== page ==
The ecological community that sustains all life is still treated by most societies as merely a collection of resources, and thus has been stripped of any inherent value beyond what humanity can take and make from it. Like Narcissus, we discovered ourselves as we evolved our large and talented brains. And as time passed humans came together in ever greater numbers, developing new technologies that allowed them to live with less obvious and immediate connection to the cycles of the ecological world. Many societies began to fill with pride at their own capabilities, asserting the like of which to exist in no other species (or even other groups of people for that matter).

Such cultures fell in love with themselves to the point of rejecting their inherent dependence on the earth and placed humankind at the top of an imagined hierarchy of beings. Through the ages of human history we can follow this thread of imagined specialness and dominance right up to today, in which an endless pursuit of material goods and attempts to control the environment has led us to a state of ecological crisis, in which we witness an epidemic of species extinction and global-scale degradation of the biosphere.

The Entire City, Max Ernest, 1935.

The Entire City, Max Ernest, 1935.

“Shall we prolong the painful split between mind and body by continuing to neglect our carnal entanglement with this immense Presence, or shall we finally heal that age-old wound by acknowledging Earth’s implicit involvement in all our experience–as the solid ground supports all our certainties, and the distant horizon that provokes all our dreams?”
David Abrams, Becoming Animal

Fortunately for us, nature is far more forgiving than the Greek gods and goddesses. Unlike the poor reckless youth Narcissus who could not escape the deadly curse placed upon him, those of us living in unsustainable societies can choose to tear our gaze away from an unhealthy and aberrant fixation on our own species needs and wants. We can remember instead our dependence on and relationship with the more-than-human world and reclaim our place enmeshed in the matrix of life.

After all, we evolved to our current human form from a long line of nonhuman ancestors, and we were only able to evolve because of our intimate engagement with the larger diversity of life and earth processes. We are only human then because we and our predecessors successfully found ways to live, grow, and develop in a complex, ever-changing biosphere. Year after year, daffodils bloom and adapt, always evolving, never ignoring the ecological community in which they grow. We too have an opportunity, year after year, to change our perspective on humanity’s place in the larger community of life, to evolve our way of being in this world.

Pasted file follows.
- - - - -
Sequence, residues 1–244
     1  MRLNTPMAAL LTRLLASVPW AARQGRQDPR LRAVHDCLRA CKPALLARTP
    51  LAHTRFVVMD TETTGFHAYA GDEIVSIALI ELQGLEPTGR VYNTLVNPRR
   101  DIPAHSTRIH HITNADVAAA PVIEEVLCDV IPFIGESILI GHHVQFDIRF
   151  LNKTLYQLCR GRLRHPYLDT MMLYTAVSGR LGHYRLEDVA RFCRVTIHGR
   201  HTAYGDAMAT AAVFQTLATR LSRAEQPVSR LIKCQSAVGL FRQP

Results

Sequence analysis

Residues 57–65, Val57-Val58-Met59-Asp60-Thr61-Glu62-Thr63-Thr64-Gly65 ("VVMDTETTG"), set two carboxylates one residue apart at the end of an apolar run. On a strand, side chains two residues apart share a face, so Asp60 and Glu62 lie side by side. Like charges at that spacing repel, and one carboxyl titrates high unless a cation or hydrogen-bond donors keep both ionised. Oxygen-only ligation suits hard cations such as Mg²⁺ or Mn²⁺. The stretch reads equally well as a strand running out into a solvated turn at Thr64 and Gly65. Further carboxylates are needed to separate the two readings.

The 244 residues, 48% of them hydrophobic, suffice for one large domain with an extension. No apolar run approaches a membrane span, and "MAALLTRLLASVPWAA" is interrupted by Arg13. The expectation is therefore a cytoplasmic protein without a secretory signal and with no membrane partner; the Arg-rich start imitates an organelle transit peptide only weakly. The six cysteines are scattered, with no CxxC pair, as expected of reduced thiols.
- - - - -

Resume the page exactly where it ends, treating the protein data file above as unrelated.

I for one choose to live a life of interconnection rather than self-imposed and fictitious domination. The blossoms peeking out all around look all the more lovely when I remember that humans exist because flowers exist:

“The world before flowers was sleepier than ours because, lacking fruit and large seeds, it couldn’t support many warm-blooded creatures. Reptiles ruled… By producing sugars and proteins to entice animals to disperse their seed, the flowers multiplied the world’s supply of food energy, making possible the rise of warm-blooded mammals… Without flowers, we would not be.” Michael Pollan, The Botany of Desire

A Group of Tulips, The Temple of Flora, Robert John Thorton, 1807.

A Group of Tulips, The Temple of Flora, Robert John Thorton, 1807.

Just one person out of 7 billion + on a journey to live a life that is vibrant, soul-fulfilling, useful to others, and consciously engaged with the ecological community that sustains all life, including mine and yours.